It finally got hot here and we've launched into summer proper with camping, family reunions, beach days, lake days, pond days, and too hot to do anything but close up the house and read on the couch days.  Ice cream has become a staple here, including my sister's amazing Sheep's Milk Gelato from Toddy Pond Farm (I don't know how to make a link on this mobile device so you'll have to look it up--it's worth your time).

Wylie has been researching our family history and putting together a family tree.  He's approaching it as he does all projects: with the voracity (voraciousness?) of a hungry bear cub devouring a meal; all gangly and never still, but focusing all attention to the task of the moment. Before this it was Ham Radio and I sense that we're fast moving onto music publication and song rights.  We're not bored much.  Exhausted comes to mind.  I often wonder how much pressure I should put on him to complete these endeavors.  But often his goals are so high that completion is highly unlikely if not damn near impossible (ie. mapping a family tree that will demonstrate that we all--you, me, all of us, have some similar ancestor from nomadic times) so it seems best just to encourage his hard work until a new passion emerges.  It's the process right?  

He and Juniper, along with their two good friends Belle and Ezra, make movies of their own creation every chance they get.  Last week they learned that one of their films won first place in the Maine Student Film Awards, pre-teen division!  We are obviously psyched, and proud.  This weekend will be the public film release, being show as part of the International Film Festival in Waterville, Maine.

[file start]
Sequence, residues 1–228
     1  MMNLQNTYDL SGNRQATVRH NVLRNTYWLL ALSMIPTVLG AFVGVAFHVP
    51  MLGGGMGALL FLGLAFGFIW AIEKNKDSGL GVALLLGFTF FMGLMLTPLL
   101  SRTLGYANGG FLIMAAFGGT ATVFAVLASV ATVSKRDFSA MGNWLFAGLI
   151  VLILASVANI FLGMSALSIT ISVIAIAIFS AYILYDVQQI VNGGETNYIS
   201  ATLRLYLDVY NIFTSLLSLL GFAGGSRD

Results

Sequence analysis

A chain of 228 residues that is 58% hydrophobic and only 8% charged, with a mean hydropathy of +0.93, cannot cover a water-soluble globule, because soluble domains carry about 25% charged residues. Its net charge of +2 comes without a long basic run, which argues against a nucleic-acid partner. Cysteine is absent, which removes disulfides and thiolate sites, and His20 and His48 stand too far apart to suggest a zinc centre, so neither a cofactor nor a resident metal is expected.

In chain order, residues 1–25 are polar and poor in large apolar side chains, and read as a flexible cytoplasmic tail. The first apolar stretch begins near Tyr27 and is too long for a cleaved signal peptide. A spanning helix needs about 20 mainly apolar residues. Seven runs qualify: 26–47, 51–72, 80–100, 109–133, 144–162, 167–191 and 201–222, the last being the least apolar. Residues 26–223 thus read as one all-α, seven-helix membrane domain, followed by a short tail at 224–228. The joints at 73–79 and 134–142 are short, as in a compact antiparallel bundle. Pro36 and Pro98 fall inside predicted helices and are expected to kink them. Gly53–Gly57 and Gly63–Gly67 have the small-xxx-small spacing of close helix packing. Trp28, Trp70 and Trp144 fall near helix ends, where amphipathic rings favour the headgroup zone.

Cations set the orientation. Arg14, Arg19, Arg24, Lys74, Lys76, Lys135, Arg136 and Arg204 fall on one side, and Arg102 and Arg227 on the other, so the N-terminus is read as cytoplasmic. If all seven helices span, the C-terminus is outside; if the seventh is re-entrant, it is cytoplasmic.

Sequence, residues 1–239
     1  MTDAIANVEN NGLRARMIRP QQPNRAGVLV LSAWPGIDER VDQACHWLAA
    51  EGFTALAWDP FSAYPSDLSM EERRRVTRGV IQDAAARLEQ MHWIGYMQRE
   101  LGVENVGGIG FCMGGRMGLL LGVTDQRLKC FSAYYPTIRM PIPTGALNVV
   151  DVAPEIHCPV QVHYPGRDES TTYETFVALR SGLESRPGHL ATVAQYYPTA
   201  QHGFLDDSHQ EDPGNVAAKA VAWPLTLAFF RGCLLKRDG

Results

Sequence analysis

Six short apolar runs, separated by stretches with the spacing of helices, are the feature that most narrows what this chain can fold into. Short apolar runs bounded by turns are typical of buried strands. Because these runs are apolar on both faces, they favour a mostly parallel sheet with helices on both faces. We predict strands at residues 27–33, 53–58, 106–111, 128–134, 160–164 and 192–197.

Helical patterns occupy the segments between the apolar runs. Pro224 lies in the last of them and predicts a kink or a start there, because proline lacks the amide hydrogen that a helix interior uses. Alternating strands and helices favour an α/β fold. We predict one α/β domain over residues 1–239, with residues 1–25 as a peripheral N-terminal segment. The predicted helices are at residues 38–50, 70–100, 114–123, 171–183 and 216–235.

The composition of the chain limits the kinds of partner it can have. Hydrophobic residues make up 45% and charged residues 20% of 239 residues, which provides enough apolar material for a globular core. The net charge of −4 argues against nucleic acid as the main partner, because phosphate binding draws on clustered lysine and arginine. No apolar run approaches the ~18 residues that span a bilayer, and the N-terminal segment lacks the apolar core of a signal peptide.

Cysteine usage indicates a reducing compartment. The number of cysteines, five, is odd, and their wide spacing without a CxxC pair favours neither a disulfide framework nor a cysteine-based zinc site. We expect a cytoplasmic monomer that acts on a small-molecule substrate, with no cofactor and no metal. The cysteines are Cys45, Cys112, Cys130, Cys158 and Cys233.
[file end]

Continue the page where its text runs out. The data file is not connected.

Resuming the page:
Juniper and Kale spend almost all of their time side by side in the throws of some fantasy game, and are ridiculously cute about it.  Juniper is strong and leads well, and is as savvy as a politition when it comes to getting her way in a game.  She can sweet talk her idea into Kale's head without him realizing it's not his own.  Kale has taken to talking like a teenager, announcing at the dinner table this evening, "I am so done with this soup", and using the word "like"  as often as a 12 year old girl.  

We've been running from one weekend activity to the next, Acadia National Park, NH, summer camp, Grandparent visits, craft fairs, cousins, BBQ's, pool parties etc.  Summer is like a race the way we try to cram it all in before the weather shifts.  But, it's also like a long early morning run.  There's space between the steps to let ourselves sink into the rhythm of it all.  To let our minds wander, to listen to bird calls, and admire the morning haze before the sun burns it off for the day.  We may be hot, sweaty, and exhausted, but hey, this is fun!  And in the end we get to jump in the lake.